In 1914 the Belgian Army had six infantry divisions (43,000 men), with 115,000 in reserve. This did not provide enough men to staff Belgium's fortresses on the country's border and the German Army quickly overwhelmed these defences in August 1914. King Albert I, the commander-in-chief of the Belgian Army withdrew his forces and with the help of the British Expeditionary Army and the French Army, was able to hold a line just inside western Belgium.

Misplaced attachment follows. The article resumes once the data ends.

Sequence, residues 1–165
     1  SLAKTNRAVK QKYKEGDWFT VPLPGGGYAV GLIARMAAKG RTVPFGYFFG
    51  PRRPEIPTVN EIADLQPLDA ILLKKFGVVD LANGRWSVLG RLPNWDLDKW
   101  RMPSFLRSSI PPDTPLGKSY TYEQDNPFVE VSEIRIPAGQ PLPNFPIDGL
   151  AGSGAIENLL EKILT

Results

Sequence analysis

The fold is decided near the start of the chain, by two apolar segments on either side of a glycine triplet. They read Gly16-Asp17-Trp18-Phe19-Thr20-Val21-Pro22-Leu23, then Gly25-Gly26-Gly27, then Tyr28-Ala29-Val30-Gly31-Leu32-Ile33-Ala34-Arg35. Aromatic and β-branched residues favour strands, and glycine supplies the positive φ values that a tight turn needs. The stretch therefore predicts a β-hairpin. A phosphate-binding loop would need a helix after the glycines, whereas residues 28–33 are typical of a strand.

King Albert was forced to move his government to Le Havre in France. The Germans now ruled most of Belgium and over the next few years was accused of carrying out atrocities against the civilian population.
Conscription of men in the small part of Belgium under Allied control raised the average strength of the Belgian Army to 170,000 men. A total of 267,000 men served in the army in the First World War, of whom about 54,000 were wounded and 14,000 killed.